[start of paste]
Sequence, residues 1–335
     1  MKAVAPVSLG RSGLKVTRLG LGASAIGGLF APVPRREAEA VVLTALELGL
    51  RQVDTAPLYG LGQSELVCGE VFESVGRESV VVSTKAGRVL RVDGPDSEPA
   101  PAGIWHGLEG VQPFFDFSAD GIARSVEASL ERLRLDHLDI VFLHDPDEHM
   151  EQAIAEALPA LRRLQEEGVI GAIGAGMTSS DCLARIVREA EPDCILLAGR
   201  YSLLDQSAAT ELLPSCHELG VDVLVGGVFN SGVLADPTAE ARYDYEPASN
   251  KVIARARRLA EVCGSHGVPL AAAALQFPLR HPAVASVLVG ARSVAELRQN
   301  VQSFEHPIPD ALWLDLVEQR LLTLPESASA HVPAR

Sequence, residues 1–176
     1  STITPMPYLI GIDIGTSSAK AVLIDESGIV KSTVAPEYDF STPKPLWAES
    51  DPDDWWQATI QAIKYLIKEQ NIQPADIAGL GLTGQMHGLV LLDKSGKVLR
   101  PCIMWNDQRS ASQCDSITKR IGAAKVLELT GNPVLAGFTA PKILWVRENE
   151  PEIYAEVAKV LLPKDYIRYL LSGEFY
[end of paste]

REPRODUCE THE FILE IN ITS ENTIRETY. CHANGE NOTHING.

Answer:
Sequence, residues 1–335
     1  MKAVAPVSLG RSGLKVTRLG LGASAIGGLF APVPRREAEA VVLTALELGL
    51  RQVDTAPLYG LGQSELVCGE VFESVGRESV VVSTKAGRVL RVDGPDSEPA
   101  PAGIWHGLEG VQPFFDFSAD GIARSVEASL ERLRLDHLDI VFLHDPDEHM
   151  EQAIAEALPA LRRLQEEGVI GAIGAGMTSS DCLARIVREA EPDCILLAGR
   201  YSLLDQSAAT ELLPSCHELG VDVLVGGVFN SGVLADPTAE ARYDYEPASN
   251  KVIARARRLA EVCGSHGVPL AAAALQFPLR HPAVASVLVG ARSVAELRQN
   301  VQSFEHPIPD ALWLDLVEQR LLTLPESASA HVPAR

Sequence, residues 1–176
     1  STITPMPYLI GIDIGTSSAK AVLIDESGIV KSTVAPEYDF STPKPLWAES
    51  DPDDWWQATI QAIKYLIKEQ NIQPADIAGL GLTGQMHGLV LLDKSGKVLR
   101  PCIMWNDQRS ASQCDSITKR IGAAKVLELT GNPVLAGFTA PKILWVRENE
   151  PEIYAEVAKV LLPKDYIRYL LSGEFY